Friday, June 1, 2012

Review: Lies Beneath


Lies Beneath
Lies Beneath by Anne Greenwood Brown

My rating: 3 of 5 stars



3.5 Stars!

Calder White is part of a murderous mermaid family. Calder is the youngest, and only male, of four siblings. Mermaids survive off the life force of humans. Mermaids can lie, but they can never break a promise and it’s a promise that brings the White clan to Lake Superior. Calder’s Mom was promised the son of Tom Hancock. But rather than honor that promise, Tom packed up his family and ran…which led to the death of Calder’s Mom. Now the siblings have found Tom’s grown son, Jason, and they plan to kill him and fulfill the promise Tom made all those years ago. It’s Calder’s job to get close to Jason’s daughter, Lily and ultimately lure Jason into the water where his sisters can even the score.

Never before have I disliked a main character so much right from the beginning. Calder makes no bones about the fact that he is a monster. He feels tremendous guilt toward his murderous tendencies, but he is a monster, pure and simple. I really wasn’t sure if this book was going to be for me, but the writing grabbed hold of me long enough to be able to see that Calder was a worthy character. I also enjoyed the male point of view…so many YA novels are told from a female pov so this was refreshing.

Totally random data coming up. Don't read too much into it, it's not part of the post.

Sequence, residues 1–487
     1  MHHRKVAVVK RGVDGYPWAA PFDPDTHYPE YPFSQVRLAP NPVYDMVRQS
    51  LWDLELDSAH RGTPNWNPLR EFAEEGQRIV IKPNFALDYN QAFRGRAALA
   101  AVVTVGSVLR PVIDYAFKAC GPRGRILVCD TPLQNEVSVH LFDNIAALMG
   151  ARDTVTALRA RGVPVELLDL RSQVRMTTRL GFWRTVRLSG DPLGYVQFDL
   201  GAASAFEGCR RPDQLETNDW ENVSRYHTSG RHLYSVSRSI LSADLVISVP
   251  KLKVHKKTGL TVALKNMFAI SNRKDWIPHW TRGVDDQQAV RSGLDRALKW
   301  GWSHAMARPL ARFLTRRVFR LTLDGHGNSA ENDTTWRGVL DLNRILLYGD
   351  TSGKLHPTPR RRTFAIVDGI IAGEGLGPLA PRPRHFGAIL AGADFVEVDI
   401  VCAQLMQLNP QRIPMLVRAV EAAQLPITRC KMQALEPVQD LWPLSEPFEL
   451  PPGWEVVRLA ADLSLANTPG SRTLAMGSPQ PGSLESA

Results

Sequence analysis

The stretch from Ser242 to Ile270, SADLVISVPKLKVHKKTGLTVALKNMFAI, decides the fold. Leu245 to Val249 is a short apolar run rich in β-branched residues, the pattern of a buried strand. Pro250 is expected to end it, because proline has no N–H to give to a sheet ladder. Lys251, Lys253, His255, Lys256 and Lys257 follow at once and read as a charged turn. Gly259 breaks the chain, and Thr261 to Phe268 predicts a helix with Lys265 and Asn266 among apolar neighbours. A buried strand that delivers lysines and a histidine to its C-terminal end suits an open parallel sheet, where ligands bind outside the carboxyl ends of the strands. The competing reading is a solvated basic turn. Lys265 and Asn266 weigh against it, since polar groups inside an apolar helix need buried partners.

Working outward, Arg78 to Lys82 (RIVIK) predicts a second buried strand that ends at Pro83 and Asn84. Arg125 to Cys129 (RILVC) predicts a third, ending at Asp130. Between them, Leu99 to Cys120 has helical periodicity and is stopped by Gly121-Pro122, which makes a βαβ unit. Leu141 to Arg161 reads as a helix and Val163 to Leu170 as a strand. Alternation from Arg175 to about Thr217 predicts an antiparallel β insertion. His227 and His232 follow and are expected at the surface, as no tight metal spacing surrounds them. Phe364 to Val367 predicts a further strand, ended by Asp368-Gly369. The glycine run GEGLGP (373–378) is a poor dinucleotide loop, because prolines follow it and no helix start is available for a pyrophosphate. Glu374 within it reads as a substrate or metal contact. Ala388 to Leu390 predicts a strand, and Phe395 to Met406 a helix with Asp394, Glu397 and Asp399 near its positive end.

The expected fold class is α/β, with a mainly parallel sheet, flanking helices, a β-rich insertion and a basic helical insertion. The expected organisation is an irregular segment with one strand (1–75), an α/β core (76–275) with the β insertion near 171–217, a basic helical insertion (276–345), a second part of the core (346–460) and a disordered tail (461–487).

Being a merman, Calder oozes good looks and persuasive charm that Lily is able to resist, which bewilders Calder no end. It’s not until he drops the act that Lily, even remotely, starts to be intrigued by him. Lily puts up an amusing fight against Calder’s charms.

Calder, unlike his sisters, was made a merman, where his sisters were born mermaids. It’s through his short human life that I believe he is able to see what he does, and how monstrous merfolk are, without blinders. As much as I disliked Calder in the beginning, I did start rooting for him and my feelings toward him softened.

My only real complaint would be a lack of backstory on the Mer culture. Here was an opportunity for the writer to come up with some “mermaid rules for life”, and have fun with a subject there hasn’t had much written about (unlike vampires and werewolves), but she only gave us enough to get through the story.

I thought “Lies Beneath” was great as a stand-alone story. But I see it’s going to be a series. I’m not sure what more there is to experience with Calder and Lily, beyond my clich├ęd predictions...I was happy with everyone riding off into the sunset and letting the reader decide if and what the “happily ever after” was. That’s not to say I wouldn’t read a sequel, I’m just afraid it won’t be able to stand up to “Lies Beneath”.




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